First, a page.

Category Archives: Low Back Reconditioning

Transcribed Interview With Stu McGill

Last month, I posted an audio interview with Dr. Stu McGill HERE. At that time, many readers requested a written transcription of the interview. Well, ask, and you shall receive! By the way, my favorite quote is this:

And what the listeners – I hope they understand – is that it doesn’t matter whether I’m with you (Bret) or Pavel or Dan John or back in the old days of Mel Siff, Zatsiorsky and Gracovetsky, any of these people, we were all good friends. We enjoyed one another. We enjoyed debating. And it was over a beer and peanuts. We knew one another’s kids, all of these things. They came and stayed at houses just like you did.

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New Research: The Glute Max is Really Good at Stabilizing the SI Joint

Low back pain is a bitch! Previous literature suggests that up to 30% of incidences of low back pain could in fact stem from the sacroiliac (SI) joint. I wrote about the SI joint a year and a half ago in a blogpost titled, The Sacroiliac Joint Takes a Beating. If you haven’t read this yet, I recommend you do!

Nevertheless, a recent paper has emerged that sheds more light on the critical role that the gluteus maximus plays in stabilizing the SI joint. The article was published in the Clinical Journal of Biomechanics and is titled, “Anatomy and biomechanics of gluteus maximus and the thoracolumbar fascia at the sacroiliac joint.” Click HERE for the Pubmed link, but I’ll paste the abstract below:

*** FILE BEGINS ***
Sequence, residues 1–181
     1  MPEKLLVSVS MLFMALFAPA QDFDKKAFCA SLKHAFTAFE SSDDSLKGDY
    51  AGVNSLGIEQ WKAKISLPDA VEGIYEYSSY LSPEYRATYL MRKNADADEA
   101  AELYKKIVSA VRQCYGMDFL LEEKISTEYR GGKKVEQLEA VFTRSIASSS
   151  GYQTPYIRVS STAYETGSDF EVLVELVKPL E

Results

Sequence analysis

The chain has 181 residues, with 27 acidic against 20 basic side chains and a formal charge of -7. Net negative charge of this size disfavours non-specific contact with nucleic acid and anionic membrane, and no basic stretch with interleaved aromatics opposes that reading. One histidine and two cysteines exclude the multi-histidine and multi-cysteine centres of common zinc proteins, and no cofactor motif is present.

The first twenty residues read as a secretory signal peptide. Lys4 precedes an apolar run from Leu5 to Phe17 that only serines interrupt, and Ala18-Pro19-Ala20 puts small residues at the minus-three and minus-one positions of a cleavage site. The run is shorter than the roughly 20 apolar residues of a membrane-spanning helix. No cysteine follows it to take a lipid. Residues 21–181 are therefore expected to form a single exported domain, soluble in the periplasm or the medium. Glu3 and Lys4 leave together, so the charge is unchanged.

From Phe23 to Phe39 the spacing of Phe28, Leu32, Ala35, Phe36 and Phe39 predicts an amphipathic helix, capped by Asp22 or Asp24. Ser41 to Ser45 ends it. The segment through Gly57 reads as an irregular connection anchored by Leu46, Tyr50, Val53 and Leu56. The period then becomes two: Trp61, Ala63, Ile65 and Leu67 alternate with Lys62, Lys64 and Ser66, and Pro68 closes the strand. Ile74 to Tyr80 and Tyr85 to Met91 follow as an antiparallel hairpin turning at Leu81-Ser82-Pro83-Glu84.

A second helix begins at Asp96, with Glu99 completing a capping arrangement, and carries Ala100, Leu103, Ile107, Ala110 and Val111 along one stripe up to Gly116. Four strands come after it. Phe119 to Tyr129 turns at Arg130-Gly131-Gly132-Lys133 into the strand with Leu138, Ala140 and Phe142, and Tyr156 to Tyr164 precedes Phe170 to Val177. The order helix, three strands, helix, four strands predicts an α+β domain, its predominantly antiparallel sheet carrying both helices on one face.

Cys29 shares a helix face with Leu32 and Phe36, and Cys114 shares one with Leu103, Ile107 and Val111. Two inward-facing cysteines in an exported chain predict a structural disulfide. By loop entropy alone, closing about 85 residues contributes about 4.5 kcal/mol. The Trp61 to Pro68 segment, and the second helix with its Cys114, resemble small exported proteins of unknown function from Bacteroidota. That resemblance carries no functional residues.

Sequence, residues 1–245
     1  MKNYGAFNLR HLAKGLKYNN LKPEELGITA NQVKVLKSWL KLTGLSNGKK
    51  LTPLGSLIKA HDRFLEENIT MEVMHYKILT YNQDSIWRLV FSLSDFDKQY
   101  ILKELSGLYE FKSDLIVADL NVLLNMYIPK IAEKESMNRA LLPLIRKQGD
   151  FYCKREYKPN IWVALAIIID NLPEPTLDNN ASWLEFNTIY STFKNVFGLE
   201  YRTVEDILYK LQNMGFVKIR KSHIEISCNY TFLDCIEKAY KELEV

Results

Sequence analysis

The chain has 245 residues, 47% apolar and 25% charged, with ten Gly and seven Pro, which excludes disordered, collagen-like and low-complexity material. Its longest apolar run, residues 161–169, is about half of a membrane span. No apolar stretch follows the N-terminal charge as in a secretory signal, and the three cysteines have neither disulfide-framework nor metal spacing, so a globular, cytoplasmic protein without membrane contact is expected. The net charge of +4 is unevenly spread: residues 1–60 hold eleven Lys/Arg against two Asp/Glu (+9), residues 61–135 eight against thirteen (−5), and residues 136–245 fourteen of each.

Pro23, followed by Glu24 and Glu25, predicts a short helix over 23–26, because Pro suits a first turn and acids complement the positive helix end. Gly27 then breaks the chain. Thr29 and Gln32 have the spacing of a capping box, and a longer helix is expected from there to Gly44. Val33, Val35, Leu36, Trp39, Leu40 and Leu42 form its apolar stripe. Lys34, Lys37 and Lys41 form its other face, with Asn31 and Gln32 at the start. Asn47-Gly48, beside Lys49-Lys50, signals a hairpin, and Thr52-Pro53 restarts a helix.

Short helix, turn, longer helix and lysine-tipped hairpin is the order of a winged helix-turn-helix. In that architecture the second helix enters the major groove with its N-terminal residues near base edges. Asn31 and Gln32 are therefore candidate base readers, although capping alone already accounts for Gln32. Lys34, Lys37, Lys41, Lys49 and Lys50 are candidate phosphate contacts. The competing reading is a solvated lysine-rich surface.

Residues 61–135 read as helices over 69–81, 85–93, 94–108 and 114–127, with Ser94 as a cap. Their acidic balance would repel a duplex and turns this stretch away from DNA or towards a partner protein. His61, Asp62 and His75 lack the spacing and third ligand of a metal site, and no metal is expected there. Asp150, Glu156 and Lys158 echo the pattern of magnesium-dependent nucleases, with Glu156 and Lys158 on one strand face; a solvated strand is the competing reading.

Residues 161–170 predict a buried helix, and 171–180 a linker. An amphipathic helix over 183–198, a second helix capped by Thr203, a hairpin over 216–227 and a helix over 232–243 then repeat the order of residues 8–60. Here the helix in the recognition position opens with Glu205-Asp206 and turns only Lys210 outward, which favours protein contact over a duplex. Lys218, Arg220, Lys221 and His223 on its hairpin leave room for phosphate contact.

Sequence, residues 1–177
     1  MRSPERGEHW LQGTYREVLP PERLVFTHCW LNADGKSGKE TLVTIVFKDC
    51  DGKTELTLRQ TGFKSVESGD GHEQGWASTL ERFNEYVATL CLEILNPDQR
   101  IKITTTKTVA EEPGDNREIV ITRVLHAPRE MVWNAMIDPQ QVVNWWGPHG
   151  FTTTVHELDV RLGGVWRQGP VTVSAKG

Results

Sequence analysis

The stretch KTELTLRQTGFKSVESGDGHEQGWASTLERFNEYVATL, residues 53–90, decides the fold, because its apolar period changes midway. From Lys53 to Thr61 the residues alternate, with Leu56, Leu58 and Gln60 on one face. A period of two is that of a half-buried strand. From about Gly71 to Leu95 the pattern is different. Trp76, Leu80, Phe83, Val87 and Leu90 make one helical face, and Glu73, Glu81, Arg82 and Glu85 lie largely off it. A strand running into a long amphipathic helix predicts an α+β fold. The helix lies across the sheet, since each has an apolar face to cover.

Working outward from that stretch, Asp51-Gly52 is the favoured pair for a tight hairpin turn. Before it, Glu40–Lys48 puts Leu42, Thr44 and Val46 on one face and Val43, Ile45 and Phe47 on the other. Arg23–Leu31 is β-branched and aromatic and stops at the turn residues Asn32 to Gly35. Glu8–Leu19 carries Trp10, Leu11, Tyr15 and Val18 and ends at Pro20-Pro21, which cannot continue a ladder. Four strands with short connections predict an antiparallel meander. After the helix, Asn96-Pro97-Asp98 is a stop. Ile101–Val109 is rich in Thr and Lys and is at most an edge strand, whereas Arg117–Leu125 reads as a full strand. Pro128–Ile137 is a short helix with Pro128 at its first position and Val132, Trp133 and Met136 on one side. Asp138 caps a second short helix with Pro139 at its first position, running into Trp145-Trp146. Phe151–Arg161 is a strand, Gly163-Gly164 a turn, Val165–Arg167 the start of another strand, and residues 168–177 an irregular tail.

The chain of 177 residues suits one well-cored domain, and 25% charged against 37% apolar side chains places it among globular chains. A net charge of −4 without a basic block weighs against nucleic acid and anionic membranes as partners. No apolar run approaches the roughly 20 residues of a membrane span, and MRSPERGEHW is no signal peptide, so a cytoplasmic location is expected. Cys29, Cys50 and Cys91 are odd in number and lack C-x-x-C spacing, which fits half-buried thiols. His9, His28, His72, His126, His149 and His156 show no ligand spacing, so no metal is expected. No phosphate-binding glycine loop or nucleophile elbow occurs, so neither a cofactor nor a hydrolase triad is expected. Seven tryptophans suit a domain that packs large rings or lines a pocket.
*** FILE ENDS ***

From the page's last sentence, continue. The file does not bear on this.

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Three Hours of Conversation With Dr. Stu McGill

Last week, I posted an article that described my visit to Waterloo, home of The University of Waterloo where Dr. Stu McGill’s spine biomechanics laboratory resides. Click HERE to read the article.

Due to the impressive response in the comments section, I asked Dr. McGill if he’d be kind enough to discuss the things mentioned in the article in an interview, and he obliged.

I warned him ahead of time that we’d need a few hours to get through everything, and luckily he was okay with it. I suggest dividing the interview up into three one-hour segments and listening on multiple days so you can catch all of it.

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A Day With Dr. Stu McGill

The spine is a delicate structure, one that you don’t want to take for granted. Professionals who work with athletes must possess sufficient knowledge of the spine and how it operates in order to provide appropriate instructions and recommendations. I have personally devoted hundreds of hours toward improving my understanding of spinal biomechanics as I take this topic very seriously. But perhaps nobody in the world understands spinal biomechanics as much as Dr. Stu McGill, professor at University of Waterloo and owner of

In order to fully appreciate Dr. McGill’s vast knowledge and contributions to our industry, you’d need to have either followed his career for the past 30 years, or trace back and examine his findings and discoveries throughout the 80’s, 90’s, 2000’s, and 2010’s. See Pubmed for a list or his CV from late 2011 which is absolutely incredible.

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